I have volunteered and worked with people seeking asylum and refugees since 2007 and, thanks to the Sisters of Mercy, some of this has been full time. I have witnessed first hand the affects of detention, or, as it is more truly, incarceration. One seven-year-old that I knew well in detention wrote this, which was translated into English: “In here, our lives are very sad, depressing and hopeless. As each day passes, we feel heavy-hearted and lack any sense of hope. We have no way of knowing what our future holds for us…Our lives in this place are extremely depressing, we are suffering and lack any sense of a future. We don’t know who will help us.”

Fortunately, that young person is now living freely in the Australian community, going to school and building a life. Unfortunately, there still 211 children in Australian detention centres. And there are also 119 children still in detention on Nauru with no hope of repatriation in Australia. A doctor working on Nauru said holding children in detention constituted child abuse. She said, “The mandatory detention of children, particularly in offshore processing centres like Nauru, is child abuse. It is completely and utterly inappropriate and also unnecessary, in terms of it not being effective and being exorbitantly expensive.”A six-year-old there wrote this, “I am 6. I can’t sleep. I can’t eat. I don’t speak. I have nightmares. I live in a tent behind a big fence in Nauru. Please help my mum and dad. Free them from Nauru.” Yet Scott Morrison, when he was Minister for Immigration and Border Protection, said: “It doesn’t matter whether you’re a child, it doesn’t matter whether you’re pregnant…it doesn’t matter whether you’re an unaccompanied minor…If you’re fit enough to get on a boat, then you can expect you’re fit enough to end up in offshore processing.”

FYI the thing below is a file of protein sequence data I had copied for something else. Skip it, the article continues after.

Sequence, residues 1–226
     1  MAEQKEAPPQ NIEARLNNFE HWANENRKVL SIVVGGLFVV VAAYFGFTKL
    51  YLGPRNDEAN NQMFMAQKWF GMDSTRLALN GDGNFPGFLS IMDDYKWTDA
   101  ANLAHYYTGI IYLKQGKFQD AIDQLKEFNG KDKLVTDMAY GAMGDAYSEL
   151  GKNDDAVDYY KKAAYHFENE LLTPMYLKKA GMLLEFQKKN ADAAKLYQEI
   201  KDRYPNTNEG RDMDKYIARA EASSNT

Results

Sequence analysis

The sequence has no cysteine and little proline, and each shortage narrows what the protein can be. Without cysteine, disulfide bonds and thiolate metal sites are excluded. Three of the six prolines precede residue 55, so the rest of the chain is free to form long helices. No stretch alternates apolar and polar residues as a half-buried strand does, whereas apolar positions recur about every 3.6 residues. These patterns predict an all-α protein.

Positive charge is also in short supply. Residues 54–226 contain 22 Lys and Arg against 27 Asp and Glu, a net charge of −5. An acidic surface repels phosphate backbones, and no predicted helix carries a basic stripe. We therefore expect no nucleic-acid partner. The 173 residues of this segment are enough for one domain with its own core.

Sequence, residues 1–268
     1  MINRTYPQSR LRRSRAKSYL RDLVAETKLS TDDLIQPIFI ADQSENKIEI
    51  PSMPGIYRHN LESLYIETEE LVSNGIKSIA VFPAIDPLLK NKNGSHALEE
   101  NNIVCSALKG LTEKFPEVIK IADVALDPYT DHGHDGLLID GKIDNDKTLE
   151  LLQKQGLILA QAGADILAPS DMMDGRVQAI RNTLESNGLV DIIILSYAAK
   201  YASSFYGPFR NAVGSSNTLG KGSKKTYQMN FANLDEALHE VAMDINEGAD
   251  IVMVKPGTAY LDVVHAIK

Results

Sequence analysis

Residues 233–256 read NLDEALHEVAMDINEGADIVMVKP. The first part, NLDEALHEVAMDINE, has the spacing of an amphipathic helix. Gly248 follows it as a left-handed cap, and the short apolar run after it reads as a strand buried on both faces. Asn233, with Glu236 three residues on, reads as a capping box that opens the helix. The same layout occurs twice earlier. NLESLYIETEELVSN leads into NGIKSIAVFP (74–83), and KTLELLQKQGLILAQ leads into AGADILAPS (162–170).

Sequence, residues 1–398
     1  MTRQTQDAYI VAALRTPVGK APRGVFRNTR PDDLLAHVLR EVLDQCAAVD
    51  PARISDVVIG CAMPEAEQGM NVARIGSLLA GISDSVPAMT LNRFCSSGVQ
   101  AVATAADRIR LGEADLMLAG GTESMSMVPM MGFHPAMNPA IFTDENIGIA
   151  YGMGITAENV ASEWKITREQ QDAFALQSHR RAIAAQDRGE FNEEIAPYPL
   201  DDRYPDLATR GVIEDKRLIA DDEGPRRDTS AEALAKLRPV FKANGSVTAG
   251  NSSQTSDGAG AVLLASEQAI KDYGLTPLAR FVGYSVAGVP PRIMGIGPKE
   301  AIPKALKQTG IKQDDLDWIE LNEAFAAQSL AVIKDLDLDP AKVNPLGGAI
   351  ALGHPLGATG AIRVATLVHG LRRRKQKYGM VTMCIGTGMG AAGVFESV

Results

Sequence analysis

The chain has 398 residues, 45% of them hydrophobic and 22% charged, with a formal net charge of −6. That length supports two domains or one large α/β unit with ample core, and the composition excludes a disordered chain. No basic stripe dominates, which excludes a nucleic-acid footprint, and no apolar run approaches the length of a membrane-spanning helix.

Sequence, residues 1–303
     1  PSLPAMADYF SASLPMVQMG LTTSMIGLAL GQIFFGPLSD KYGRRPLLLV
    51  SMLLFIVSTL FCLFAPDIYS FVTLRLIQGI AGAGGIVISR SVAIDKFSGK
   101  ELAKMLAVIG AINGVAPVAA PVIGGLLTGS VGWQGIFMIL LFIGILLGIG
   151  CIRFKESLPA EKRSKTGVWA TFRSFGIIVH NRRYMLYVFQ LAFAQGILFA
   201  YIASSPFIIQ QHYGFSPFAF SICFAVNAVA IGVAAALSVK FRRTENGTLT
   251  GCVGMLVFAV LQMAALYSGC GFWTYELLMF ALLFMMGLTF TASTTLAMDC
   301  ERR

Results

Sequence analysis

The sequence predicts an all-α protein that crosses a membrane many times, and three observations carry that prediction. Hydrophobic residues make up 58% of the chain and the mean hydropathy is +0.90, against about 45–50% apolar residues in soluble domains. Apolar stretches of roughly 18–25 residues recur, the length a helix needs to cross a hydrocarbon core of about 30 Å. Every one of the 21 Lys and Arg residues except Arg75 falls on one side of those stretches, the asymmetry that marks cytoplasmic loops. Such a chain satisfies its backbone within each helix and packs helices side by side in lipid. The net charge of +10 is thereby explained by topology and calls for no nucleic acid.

Friends, as of November 30 2014, 78% of those processed on Nauru were found to be genuine refugees, according to UNHCR standards and before appeals. Who is now ensuring their safety, wellbeing and ability to live in peace? Who in Australia cares?

Finally, I come to my faith. I am first of all a religious person, a Christian, a Catholic and a Sister of Mercy. Every aspect of my faith calls me to act in compassion for the anawim of the world – those who have no money, safety, education or voice. My conscience is pricked when I hear the words of St Ambrose: “If you know that anybody is hungry or sick, and you have any means at all and do not help, then you will have the responsibility for each one who dies, and for each little child who might be harmed and crippled for life.” As Reverend Tim Costello said, “As a disciple, I cannot accept that the best we can do to stop people drowning is to lock up children and send people mad.” We, voting Australians, are responsible for this elected government and they are responsible for the abuse and cruelty towards those seeking asylum. Through prayer in the last 2 years, I have felt called to an act of justice for my friends who seek asylum that goes beyond a ministry of presence and material assistance. In this action for the Love Makes a Way movement, I heard God’s quiet voice that this is God’s cause, and therefore mine.

Since my participation in the action, I have not had any negative comments from friends, family or over 750 Facebook contacts. Instead, I have received overwhelming support for being prepared to say and do what others can and may not. The most moving for me was after sharing during Mass my reasons for what I had done with my parish community. An 11-year-old girl came up and asked if she could say something. She told me that even if I was found guilty and that if the convictors thought they were in the right, don’t worry, she said, because you have taken the righteous path. I commend the upholders of the law, both the kind police and the magistrates. Thank you. But I will not promise to stop these actions on behalf of my friends. I finish with the words of St Peter and St John, while in court in Jerusalem: “Whether it is right in God’s sight to listen to you rather than to God, you must judge; for we cannot keep from speaking about what we have seen and heard.”